STEM pathways for Indigenous students

Return to Country Program pioneers new approach to unlocking STEM pathways for Indigenous students.

Return to Country Program pioneers new approach to unlocking STEM pathways for Indigenous students.

The University of Melbourne Faculty of Engineering and Information Technology (FEIT) is pioneering a new Return to Country Program to spark interest in STEM pathways among Indigenous regional, rural and remote communities, with a group of FEIT Indigenous staff and students visiting schools and Indigenous communities in regional New South Wales this week.

Through storytelling and a suite of activities, the group is meeting communities in Bourke, Brewarrina, Goodooga and Enngonia and will reconnect with their mobs, make meaningful contributions to their communities and expose primary and secondary students, their families and communities to the exciting opportunities that engineering and information technology university study can provide.

As part of the Return to Country Program, FEIT is today hosting an inaugural Return to Country STEM Oration in Bourke, to activate a national dialogue for universities, industry, government and Indigenous communities to find better ways to ensure that Indigenous people can fully participate in the benefits that future STEM technologies will provide.

University of Melbourne Associate Dean (Indigenous) Dr Joseph West, a Murawarri engineer from the NSW Culgoa River region and a Fulbright Scholar in the FEIT School of Computing and Information Systems, will deliver the Oration to an audience of Indigenous elders, community leaders, teachers, local councillors, government representatives and others. The event will also broadcast online for a national audience.

Bourke, NSW.
FEIT Associate Dean (Indigenous) Dr Joseph West and Master of Mechanical Engineering student Tully Mahr in Bourke, NSW.

Other speakers will include FEIT Master of Mechanical Engineering student Tully Mahr, a Gundungurra woman, who recently completed an internship at NASA’s Jet Propulsion Laboratory in California; Aunty Josie Bino, Murrawarri Indigenous Elder from Weilmoringle; and Susan Beetson, Ngemba Traditional Owner, University of Queensland. A panel of academics and school principals will conclude the event, discussing ways to overcome barriers to STEM education.

Dr West said the Return to Country Program was designed to reach Indigenous students and communities who have had very little exposure to the benefits and opportunities of engineering and STEM education.

“Every stage in the pipeline to becoming an engineering professional is nearly empty for Indigenous Australians, including the very first one – the desire for young Indigenous students to become engineers. Universities have an important role to play in enabling the spark of interest for young Indigenous students to pursue engineering,” Dr West said.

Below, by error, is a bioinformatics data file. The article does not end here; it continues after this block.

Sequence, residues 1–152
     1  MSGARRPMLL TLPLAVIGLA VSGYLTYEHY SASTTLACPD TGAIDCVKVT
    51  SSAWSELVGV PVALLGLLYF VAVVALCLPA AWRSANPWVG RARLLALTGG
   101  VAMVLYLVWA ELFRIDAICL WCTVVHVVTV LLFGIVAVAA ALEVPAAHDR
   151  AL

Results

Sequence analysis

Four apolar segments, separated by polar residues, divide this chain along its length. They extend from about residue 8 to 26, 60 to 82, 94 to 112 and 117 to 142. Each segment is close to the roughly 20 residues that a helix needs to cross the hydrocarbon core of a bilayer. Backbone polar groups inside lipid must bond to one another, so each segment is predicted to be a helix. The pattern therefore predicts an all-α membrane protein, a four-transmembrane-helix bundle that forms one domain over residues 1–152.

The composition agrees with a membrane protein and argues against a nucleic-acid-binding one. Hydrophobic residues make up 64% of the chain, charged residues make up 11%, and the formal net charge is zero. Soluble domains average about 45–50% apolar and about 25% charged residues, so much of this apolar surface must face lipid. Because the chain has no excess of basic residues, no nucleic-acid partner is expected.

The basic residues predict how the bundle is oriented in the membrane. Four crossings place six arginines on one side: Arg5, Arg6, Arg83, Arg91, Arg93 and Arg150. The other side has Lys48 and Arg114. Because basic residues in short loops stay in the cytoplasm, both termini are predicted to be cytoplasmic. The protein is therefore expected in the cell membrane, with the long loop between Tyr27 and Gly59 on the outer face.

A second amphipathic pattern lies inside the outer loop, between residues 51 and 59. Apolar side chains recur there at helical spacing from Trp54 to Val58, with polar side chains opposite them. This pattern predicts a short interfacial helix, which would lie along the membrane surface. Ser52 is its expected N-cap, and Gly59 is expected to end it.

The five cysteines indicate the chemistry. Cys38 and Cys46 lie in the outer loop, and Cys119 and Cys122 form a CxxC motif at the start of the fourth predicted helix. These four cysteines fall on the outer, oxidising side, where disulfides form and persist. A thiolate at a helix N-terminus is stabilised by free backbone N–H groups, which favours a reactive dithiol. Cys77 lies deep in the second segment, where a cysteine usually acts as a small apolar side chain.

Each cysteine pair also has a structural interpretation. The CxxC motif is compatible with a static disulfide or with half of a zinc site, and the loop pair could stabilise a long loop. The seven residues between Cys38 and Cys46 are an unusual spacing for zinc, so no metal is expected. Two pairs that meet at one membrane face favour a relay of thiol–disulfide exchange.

“More than a decade ago, the 2011 work by Pechenkina et al ‘Indigenous Australian Students’ Participation Rates in Higher Education,’ identified Indigenous participation in STEM as a critically urgent issue. Recent numbers show that only 0.5 per cent of the Indigenous population have engineering degrees, compared to 5.2 per cent of the non-Indigenous population, as reported by Science and Technology Australia (2020).”

Dr West says Australian universities, industry and government need “a paradigm shift” and must focus on building and nurturing a pipeline of Indigenous engineering interest, to boost participation for Indigenous students.

“Unless we build and fill this pipeline, universities and industry will be forever competing for the same pool of Indigenous academic talent, that is, those people who are already succeeding at high school. Despite a growing awareness and appreciation of Indigenous culture, the challenges have proven to be beyond the reach of good-will. They point to continuing issues that enable entrance for the group who match the existing cohort and continued barriers for those who do not,” Dr West said.

“Strategies are changing within many universities, through initiatives such as alternative access pathways, scholarships and other incentives. For instance, the Victorian Indigenous Engineering Winter School (VIEWS) is now offered by four Victorian universities to Year 10, 11 and 12 Indigenous students from across Australia, with transport and accommodation provided. The five-day program expands participants’ perspectives on engineering and information technology and has been so successful that VIEWS alumni are now part of the University’s mentoring and leadership program.

“These steps are important, but more needs to be done. Indigenous people cover every corner of Australia. Ensuring that our engineering profession is a true option will require a national effort.”

The Return to Country STEM Oration will be live streamed on Wednesday 21 February at 6.15 pm. Register for the live stream: http://unimelb.me/42GHwcJ

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